Offensive emails justified dismissal

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Offensive emails justified dismissal

A public servant who was sacked for sending inappropriate and offensive emails to staff has lost his unfair dismissal claim.

A public servant who was sacked for sending inappropriate and offensive emails to staff has lost his unfair dismissal claim.

The Industrial Relations Commission of NSW found that the training adviser, had not heeded directions to cease his behaviour.

Serious misconduct

 
The adviser, employed by the NSW Department of Industry, was dismissed in February 2018 for serious misconduct.

The next day he filed an unfair dismissal application, and his case was heard in the Industrial Relations Commission of NSW.
 
The incidents involving misconduct included:
  • Failure to comply with formal direction given by the director of regional operations to cease sending inappropriate and offensive emails to staff members
  • Failure to comply with formal direction to cease sending emails that might denigrate, disparage or otherwise offend staff members
  • Sending a letter to the regional manager referring to ‘a terminal cancer diagnosis for management’ knowing that the manager’s mother had recently died from cancer.
  • Tearing up and throwing away envelopes with copies of emails previously sent to him while on leave as they were handed to him by a senior industrial relations advisor.

Relied on dyslexia as a defence

 
At a counselling session in May 2017, it was explained to the training adviser that emails he had sent to staff were offensive and disparaging. He had been reminded that it was part of his role as a training adviser to monitor his communications with others and represent the department in a professional manner. 
 
The training adviser claimed he had not intended to cause offence but acknowledged that he sometimes did because he had a form of dyslexia. He handed out pamphlets explaining dyslexia but did not produce medical evidence to support his claim. He was told the employer would arrange an assessment of his condition with a clinical psychologist in order to determine what assistance could be provided to him. He subsequently refused to undergo the assessment.

Counselling didn't help

 
The training adviser’s conduct did not improve as a result of the counselling session. In July 2017, the director issued formal directions to him to treat colleagues and members of the public with respect and with regard for their rights and obligations. The letter included a warning that any future communication that denigrated, disparaged or otherwise offended any staff member or any incident that breached the department’s code of conduct or workplace bullying policy could lead to formal misconduct action being taken.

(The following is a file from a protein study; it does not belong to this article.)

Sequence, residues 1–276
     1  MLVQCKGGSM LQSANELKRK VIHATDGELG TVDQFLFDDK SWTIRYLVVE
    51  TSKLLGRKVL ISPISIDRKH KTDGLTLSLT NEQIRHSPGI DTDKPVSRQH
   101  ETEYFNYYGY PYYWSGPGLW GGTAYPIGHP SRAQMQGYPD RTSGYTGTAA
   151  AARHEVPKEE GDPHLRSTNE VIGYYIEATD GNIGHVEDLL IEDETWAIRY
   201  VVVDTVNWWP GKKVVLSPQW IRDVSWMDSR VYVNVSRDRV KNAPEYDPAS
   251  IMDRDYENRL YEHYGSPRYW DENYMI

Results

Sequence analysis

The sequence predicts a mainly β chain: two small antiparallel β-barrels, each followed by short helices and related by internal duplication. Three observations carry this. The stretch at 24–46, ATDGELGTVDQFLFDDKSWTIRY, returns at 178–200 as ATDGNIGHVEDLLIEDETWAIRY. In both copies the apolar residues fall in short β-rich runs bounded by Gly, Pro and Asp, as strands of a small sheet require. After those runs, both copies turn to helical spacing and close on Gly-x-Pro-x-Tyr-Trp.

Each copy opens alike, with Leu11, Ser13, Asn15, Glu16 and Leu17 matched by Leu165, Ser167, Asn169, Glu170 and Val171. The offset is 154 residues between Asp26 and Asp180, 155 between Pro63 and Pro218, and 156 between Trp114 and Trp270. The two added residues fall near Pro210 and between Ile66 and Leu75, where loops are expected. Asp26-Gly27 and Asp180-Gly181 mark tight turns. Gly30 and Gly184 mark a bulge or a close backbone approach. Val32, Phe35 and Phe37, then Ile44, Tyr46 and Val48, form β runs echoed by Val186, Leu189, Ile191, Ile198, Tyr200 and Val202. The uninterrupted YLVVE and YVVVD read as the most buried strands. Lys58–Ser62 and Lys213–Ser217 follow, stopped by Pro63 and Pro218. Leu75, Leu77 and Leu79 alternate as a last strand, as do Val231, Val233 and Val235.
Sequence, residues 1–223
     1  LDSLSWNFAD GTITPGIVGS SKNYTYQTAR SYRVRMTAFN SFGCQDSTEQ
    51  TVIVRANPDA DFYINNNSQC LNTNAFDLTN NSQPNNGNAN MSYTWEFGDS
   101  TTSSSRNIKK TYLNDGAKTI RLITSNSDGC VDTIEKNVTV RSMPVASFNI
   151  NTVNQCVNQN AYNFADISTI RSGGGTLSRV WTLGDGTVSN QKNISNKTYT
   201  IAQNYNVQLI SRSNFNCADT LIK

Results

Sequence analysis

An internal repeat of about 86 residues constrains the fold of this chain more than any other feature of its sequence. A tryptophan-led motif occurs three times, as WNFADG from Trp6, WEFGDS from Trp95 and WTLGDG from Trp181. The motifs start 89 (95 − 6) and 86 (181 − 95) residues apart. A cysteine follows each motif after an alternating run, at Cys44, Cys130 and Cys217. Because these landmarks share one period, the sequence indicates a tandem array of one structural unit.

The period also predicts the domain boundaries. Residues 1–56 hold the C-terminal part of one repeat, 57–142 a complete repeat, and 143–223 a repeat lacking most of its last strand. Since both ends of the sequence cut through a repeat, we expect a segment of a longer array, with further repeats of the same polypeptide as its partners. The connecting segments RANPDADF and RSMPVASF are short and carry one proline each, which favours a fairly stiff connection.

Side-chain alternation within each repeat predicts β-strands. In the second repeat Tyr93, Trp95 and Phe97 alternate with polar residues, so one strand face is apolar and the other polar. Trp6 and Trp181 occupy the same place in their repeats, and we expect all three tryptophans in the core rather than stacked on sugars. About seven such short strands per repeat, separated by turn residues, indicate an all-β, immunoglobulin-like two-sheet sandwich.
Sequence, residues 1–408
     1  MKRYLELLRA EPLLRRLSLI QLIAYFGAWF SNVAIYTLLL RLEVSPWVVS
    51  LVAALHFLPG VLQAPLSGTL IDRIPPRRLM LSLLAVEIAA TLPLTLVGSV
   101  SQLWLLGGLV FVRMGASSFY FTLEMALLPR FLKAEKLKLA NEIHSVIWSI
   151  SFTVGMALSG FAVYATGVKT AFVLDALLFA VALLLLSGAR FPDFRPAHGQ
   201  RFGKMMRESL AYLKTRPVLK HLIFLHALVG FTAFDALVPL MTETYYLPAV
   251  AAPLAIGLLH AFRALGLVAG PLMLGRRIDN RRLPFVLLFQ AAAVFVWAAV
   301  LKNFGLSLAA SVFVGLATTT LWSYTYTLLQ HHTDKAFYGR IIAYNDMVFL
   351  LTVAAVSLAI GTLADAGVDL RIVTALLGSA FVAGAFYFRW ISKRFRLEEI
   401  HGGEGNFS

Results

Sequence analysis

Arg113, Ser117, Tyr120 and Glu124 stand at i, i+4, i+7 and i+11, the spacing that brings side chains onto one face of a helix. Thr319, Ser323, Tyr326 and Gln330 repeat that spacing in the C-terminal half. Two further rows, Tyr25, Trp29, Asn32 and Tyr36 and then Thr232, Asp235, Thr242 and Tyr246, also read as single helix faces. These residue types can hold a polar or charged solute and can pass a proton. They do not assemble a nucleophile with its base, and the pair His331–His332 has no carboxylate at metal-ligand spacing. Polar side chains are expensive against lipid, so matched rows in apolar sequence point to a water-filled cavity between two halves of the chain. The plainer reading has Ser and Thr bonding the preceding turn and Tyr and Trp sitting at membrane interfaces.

In November 2017, the training adviser was on leave. Nevertheless, he continued to send emails to management. For example, he sent a rambling email to a deputy secretary of the department with a complaint against his regional manager and included cartoons with offensive language and but without making it clear what the point of them was. As a union representative, he accused the regional manager of having misrepresented himself and being dishonest, and also alleged non-compliance with the safety consultation requirements of the Work Health and Safety Act 2011.

Emails showed contempt for department

 
Comments by managers who gave evidence for the employer included that the training adviser’s style of communication was not conducive to fostering good working relationships with staff. His correspondence had a tone of malevolence and showed contempt for the department. He tended to escalate issues that did not need to be escalated. The managers agreed that reinstating him would be detrimental to the department. He would continue to be disruptive. His argumentative attitude and evasive conduct had caused an irretrievable breakdown of the employment relationship. 
 
Commissioner Murphy accepted that the training adviser’s work performance had not been the cause of his dismissal, even though he must have spent a fair amount of his work hours on inappropriate emails to staff. One witness had also questioned his suitability as a training adviser, considering his dyslexia. 
 
The evidence of misconduct had been established to the requisite standard before the commission. The commissioner gave serious consideration to the training adviser’s personal circumstances. He had been given several opportunities to correct his behaviour but had chosen not to. His misconduct had been serious and had occurred over a protracted period. Without medical evidence that dyslexia had caused or contributed to his conduct, it could not be taken into account in mitigation.
 
Commissioner Murphy agreed with the managers that reinstatement could not be considered. The training adviser’s dismissal had not been harsh, unjust or unreasonable. The unfair dismissal application was dismissed.

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